The Province of B.C. introduced the Family Law Act in 2014 and this provided new criteria to be applied when couples are separating and dealt with the division of family property and debt.

When couples are married the Federal Government has concurrent jurisdiction for issues regarding children. They do not have any jurisdiction to legislate the division of family property and debt.

The Federal Government has recently proposed reforms to the Divorce Act which are set out in Bill C-78.  The reforms will do the following:

  • Replace the outdated terms of “custody” and “access” with language emphasizing parents’ responsibilities, including parenting orders, parenting time, parental decision-making and parenting plans.
  • Make expressly the child’s “best interests” the touchstone for all decisions in respect of the child, and for the first time, flesh out that term, including stipulating that a court shall give “primary consideration” to the child’s “physical, emotional and psychological safety, security and well-being”; the bill also includes a non-exhaustive list of 11 factors to be considered in determining a child’s best interests, as well as guidance on what factors a court is to consider in relation to family violence.
  • Establish a framework for deciding whether a child should be allowed to relocate with a parent, including notice requirements; stipulating factors to take into account in determining whether a proposed move would be in the child’s best interests; creating burdens of proof on parents who want to move or oppose the move; and barring courts from considering whether the parent who intends to relocate the child would move without the child if the child’s relocation were prohibited.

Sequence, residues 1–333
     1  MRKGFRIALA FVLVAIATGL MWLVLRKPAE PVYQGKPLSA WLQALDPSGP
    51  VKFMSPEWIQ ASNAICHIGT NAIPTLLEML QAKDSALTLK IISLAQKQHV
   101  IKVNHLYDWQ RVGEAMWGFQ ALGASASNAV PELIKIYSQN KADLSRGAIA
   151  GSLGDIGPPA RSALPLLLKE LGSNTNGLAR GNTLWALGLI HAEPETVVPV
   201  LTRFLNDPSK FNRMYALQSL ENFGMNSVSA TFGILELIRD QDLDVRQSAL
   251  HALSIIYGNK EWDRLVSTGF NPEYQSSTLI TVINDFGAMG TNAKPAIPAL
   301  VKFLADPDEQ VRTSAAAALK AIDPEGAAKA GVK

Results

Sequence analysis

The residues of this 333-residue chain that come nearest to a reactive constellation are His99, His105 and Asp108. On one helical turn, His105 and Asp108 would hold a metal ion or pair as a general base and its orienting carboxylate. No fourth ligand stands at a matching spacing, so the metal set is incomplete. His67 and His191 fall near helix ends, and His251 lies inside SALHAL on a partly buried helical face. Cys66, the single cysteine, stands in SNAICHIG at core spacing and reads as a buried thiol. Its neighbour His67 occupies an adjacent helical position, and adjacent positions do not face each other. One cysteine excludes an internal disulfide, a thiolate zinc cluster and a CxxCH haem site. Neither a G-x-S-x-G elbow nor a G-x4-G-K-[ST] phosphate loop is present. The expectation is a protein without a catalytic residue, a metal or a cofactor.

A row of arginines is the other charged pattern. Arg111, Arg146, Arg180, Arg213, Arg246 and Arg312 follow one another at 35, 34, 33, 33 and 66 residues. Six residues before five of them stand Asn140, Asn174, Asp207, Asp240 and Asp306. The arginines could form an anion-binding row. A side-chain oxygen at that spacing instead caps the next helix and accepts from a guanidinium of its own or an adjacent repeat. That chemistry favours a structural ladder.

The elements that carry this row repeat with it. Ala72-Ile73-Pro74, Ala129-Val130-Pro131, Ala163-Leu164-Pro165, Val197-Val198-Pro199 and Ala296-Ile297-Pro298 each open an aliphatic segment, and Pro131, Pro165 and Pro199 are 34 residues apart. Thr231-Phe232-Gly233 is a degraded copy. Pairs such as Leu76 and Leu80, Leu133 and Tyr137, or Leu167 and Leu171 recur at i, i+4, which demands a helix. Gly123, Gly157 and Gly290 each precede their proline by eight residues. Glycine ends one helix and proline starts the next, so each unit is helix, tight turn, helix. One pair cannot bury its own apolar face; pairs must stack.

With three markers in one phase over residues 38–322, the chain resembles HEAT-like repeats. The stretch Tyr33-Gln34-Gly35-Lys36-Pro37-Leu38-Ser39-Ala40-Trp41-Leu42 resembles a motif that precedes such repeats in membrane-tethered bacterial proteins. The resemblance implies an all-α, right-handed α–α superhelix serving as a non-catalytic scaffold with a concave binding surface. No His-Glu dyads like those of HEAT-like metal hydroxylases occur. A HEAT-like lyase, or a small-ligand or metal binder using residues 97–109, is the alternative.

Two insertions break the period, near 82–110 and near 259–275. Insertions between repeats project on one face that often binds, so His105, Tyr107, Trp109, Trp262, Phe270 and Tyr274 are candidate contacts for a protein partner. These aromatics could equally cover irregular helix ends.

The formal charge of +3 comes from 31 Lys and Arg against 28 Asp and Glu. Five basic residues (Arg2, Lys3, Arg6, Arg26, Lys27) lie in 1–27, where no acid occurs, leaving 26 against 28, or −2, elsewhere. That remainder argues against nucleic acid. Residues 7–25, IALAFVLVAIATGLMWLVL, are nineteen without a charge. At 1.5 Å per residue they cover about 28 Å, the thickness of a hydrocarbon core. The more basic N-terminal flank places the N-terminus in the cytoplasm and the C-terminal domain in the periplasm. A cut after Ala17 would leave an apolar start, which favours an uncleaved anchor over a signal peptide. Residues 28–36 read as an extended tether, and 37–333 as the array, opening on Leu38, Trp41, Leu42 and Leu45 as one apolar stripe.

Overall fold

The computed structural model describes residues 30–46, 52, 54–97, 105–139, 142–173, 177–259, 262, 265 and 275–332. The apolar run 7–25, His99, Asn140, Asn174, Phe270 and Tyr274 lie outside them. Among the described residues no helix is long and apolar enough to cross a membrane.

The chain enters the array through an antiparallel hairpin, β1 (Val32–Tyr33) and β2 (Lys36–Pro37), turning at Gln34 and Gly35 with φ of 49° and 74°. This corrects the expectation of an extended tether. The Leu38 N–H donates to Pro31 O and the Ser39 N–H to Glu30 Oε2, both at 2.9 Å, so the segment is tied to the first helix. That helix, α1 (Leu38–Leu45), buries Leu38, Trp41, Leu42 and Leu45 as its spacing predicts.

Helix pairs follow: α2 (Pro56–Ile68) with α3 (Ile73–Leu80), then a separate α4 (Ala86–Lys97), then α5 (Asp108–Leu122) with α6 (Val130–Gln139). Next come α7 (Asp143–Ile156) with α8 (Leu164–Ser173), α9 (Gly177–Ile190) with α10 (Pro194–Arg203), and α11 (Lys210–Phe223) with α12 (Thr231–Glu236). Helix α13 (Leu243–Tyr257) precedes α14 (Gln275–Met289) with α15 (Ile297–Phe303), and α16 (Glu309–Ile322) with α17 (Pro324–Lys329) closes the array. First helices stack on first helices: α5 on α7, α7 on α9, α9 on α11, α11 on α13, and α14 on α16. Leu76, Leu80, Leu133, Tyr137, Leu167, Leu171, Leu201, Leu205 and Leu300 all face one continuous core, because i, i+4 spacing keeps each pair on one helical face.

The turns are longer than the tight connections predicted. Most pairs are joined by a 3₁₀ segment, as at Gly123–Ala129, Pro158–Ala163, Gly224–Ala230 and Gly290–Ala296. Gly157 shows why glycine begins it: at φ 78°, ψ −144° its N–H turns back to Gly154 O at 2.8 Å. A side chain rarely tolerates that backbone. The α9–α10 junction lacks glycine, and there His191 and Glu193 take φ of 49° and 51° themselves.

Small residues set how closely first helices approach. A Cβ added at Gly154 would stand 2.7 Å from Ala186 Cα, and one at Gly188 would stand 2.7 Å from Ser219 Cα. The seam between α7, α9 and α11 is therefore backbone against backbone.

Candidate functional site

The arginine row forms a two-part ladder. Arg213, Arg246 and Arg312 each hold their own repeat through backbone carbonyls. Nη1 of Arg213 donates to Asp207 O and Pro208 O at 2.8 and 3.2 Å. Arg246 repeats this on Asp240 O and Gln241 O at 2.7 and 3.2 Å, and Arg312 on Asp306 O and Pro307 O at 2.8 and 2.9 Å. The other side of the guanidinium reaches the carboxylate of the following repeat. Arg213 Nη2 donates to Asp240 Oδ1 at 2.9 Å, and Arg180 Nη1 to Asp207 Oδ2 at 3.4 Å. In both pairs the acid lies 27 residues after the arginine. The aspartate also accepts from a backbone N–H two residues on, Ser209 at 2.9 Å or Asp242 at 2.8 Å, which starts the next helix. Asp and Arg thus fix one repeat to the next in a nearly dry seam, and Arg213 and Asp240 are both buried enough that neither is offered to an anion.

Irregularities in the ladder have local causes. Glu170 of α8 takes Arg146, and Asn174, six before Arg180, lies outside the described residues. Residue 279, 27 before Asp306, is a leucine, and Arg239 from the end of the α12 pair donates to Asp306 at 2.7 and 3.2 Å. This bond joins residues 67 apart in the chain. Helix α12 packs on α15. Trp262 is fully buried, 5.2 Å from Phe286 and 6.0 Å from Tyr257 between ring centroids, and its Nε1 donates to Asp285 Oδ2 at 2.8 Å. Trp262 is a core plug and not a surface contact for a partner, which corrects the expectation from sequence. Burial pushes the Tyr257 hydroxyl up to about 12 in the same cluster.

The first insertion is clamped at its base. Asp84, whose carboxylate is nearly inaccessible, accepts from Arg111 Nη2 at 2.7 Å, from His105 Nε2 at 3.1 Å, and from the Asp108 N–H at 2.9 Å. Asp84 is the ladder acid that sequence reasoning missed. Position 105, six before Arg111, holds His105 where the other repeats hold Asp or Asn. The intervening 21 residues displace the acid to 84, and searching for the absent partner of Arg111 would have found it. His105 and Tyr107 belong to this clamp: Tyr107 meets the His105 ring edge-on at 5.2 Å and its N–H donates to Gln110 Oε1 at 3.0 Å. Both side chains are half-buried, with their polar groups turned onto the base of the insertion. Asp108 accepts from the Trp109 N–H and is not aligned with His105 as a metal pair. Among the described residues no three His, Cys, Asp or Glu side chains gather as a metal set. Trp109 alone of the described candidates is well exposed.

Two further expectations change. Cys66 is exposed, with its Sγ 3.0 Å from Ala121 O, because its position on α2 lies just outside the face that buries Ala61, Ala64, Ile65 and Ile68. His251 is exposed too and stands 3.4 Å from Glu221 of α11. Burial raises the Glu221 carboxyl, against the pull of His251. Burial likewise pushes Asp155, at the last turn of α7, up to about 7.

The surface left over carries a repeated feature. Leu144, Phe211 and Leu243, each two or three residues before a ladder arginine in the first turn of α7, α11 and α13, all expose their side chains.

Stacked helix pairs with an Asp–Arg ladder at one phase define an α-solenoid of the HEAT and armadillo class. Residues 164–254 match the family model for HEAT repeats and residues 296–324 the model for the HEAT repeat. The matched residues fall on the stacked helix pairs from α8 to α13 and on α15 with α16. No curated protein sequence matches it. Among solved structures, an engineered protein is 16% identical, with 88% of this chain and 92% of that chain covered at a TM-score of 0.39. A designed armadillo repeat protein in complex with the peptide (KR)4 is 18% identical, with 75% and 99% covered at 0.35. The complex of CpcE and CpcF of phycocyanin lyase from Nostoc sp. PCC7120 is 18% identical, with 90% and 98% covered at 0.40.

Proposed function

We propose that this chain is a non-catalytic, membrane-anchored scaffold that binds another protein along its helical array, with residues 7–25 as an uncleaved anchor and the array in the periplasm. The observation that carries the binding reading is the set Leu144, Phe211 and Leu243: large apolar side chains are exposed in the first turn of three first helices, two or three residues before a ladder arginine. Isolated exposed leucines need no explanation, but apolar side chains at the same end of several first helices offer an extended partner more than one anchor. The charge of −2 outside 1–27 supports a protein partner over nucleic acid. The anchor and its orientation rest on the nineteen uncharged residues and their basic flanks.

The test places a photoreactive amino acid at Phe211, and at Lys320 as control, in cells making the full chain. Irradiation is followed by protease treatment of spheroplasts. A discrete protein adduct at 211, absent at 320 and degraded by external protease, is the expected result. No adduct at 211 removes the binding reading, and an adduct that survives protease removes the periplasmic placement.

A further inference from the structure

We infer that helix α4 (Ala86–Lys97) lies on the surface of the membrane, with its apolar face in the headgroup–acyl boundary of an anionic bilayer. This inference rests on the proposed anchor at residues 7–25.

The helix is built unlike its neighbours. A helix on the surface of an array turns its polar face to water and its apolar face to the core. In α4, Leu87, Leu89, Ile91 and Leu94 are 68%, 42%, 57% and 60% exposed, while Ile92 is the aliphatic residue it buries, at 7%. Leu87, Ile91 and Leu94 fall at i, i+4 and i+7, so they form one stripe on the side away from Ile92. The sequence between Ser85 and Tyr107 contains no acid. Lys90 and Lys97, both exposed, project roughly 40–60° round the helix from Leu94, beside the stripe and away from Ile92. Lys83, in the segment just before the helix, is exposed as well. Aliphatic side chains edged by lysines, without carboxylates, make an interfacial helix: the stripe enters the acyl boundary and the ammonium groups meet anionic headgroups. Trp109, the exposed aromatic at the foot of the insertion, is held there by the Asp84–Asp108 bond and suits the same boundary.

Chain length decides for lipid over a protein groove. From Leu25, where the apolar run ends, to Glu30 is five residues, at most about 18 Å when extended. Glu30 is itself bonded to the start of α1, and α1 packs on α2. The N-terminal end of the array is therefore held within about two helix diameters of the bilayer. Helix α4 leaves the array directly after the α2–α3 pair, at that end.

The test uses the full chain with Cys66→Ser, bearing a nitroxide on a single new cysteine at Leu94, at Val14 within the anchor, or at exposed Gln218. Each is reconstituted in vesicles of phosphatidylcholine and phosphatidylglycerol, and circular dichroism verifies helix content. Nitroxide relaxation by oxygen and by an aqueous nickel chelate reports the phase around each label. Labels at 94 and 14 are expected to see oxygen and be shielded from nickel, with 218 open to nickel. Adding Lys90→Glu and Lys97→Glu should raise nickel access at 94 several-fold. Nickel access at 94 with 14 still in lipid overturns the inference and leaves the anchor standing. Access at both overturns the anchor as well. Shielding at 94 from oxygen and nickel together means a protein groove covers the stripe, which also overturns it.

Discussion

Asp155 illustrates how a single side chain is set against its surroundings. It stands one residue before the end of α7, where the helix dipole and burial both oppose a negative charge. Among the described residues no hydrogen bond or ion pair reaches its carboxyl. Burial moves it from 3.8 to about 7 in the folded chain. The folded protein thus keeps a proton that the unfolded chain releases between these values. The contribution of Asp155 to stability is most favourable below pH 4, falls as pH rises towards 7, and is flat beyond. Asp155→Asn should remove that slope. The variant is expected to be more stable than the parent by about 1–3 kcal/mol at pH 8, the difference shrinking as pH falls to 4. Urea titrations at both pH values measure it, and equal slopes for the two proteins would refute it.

• Introduce measures to require courts to take into account “family violence”, including defining that term and requiring consideration of any other proceedings or orders involving any of the parties (e.g. restraining orders).
  • Allow, in some circumstances, the release of tax information to a court or provincial maintenance enforcement program to help ensure a child support amount is accurate.
  • Permit provincial child support recalculation services to recalculate child support at any time if needed, instead of on a fixed schedule.
  • Provide for orders, with leave of a court, requiring “contact” with a child for a person other than a spouse, for example a grandparent.
  • Streamline the process of varying a support order for parties living in different provinces or territories, allowing only one court to be involved, instead of courts in both jurisdictions.
  • Make changes that would bring Canada closer to becoming a party to the 1996 Hague Convention on the Protection of Children and the 2007 Hague Child Support Convention.

 

Deborah Todd Family Law Victoria

Deborah A. Todd